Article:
Someone gave me the nod a few weeks back to pick up this interesting blend of Ethiopian coffees from Verve, and I'm glad I did. It's comprised of 50% washed and 50% natural processed coffees from the same wet mill in Kochere Woreda. Definitely getting those bright citrus and floral notes from the washed and deep berry and honey sweetness from the natural.
Also, I've been using the melodrip for a little bit and I'm finally coming around to posting with it. For those who are aware, Ray Murakawa has been creating these little tools for a while now, and has sent them out to a group of registered beta testers. Many people have been posting about their experiences and discussing the advantages of a more controlled agitation during brewing and the response has generally been very positive. While I really wanted to get in on the first round of betas, I was also hesitant to take something for free and especially to post about it, having not invested something in the product.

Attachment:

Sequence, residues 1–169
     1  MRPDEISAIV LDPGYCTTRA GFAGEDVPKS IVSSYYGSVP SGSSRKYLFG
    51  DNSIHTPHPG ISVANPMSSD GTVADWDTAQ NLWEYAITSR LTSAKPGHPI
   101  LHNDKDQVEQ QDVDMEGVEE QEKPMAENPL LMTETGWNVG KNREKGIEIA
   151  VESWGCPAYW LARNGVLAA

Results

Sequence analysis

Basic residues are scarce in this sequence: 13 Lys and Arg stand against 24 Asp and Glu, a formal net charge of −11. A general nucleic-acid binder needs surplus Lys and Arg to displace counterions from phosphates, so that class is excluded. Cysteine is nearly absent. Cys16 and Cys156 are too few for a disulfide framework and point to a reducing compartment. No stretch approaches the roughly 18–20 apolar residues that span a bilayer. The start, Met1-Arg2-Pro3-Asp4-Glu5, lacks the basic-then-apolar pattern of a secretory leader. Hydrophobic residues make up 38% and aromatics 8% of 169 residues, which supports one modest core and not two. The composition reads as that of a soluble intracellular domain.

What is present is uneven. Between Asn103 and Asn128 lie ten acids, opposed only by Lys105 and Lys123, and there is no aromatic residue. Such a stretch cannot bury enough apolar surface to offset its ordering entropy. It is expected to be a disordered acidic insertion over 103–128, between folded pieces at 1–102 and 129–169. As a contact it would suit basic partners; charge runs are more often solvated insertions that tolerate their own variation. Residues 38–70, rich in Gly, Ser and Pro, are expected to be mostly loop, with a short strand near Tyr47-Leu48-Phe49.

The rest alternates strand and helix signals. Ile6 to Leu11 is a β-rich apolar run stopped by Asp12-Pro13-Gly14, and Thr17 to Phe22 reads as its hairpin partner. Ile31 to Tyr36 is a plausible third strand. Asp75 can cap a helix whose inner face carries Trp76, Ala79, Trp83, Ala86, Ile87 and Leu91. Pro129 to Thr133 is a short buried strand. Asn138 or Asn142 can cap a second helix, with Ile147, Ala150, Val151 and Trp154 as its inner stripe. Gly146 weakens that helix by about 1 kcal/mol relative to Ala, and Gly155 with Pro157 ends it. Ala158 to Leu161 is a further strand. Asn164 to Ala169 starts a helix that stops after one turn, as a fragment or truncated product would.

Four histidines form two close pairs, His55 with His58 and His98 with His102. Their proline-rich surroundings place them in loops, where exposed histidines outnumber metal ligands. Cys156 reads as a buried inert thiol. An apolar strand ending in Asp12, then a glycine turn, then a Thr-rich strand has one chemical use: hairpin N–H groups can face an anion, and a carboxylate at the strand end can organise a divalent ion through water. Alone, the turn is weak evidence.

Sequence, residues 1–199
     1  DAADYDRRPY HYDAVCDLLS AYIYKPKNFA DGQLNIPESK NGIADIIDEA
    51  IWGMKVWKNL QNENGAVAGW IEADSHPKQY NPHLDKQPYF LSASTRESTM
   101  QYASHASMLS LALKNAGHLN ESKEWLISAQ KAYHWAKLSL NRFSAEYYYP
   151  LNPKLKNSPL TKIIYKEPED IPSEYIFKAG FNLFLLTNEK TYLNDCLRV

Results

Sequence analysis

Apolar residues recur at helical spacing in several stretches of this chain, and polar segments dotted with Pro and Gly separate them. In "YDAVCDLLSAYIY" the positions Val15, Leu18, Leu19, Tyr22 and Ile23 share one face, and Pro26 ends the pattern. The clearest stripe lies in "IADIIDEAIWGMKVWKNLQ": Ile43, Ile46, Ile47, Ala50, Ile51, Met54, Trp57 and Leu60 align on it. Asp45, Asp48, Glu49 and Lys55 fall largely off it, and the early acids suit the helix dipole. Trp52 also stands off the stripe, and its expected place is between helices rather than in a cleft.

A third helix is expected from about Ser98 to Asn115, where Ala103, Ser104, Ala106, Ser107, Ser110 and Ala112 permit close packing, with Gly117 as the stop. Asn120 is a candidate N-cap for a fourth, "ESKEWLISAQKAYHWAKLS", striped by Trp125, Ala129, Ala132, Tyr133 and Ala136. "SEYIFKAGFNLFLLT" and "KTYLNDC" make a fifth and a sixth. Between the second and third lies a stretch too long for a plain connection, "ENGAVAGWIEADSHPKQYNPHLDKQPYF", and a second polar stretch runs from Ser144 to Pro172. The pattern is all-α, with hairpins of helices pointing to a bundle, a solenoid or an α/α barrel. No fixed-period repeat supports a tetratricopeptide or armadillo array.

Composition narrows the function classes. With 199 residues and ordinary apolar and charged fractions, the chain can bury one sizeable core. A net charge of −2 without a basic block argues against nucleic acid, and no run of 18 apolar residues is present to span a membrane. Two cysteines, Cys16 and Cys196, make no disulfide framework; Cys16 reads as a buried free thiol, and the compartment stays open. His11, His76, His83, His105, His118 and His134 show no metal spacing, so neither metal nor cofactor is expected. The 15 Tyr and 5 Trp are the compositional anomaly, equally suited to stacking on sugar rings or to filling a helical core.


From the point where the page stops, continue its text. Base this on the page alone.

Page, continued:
Once the second beta test opportunity opened up, I signed up and reached out to Ray asking if I could pay for mine. He declined, which is totally understandable, so I waited ... and waited ... and waited some more for mine to show up. Coincidentally, before my beta version eventually arrived, Ray also started a Kickstarter campaign which I backed (but at double the rate of a single melodrip). Now that the beta unit has arrived, it's been a great joy to use, and the majority of what I've been hearing from friends has turned out to be very true. Summing up my thoughts in my IG post:
It’s inexpensive but well built. Seems to work nicely with most brew methods. Being able to pin down/communicate turbulence as a variable is really handy ... where most recipes out there would not really talk about pour speed/technique/flowrate, one could easily share a recipe on the melodrip and be sure someone could replicate it. Cups are consistently clean and repeatable. It’s also useful for mixing it with bare kettle pours at different stages of the brew (eg. starting faster and finishing slowly/gently). Overall pretty happy with it, though it took a bit to get used to in the beginning.
I'm really hopeful that Ray's project continues to succeed. It's such a useful brewing tool, and definitely something I use more than most other fiddly little gadgets that I happen across.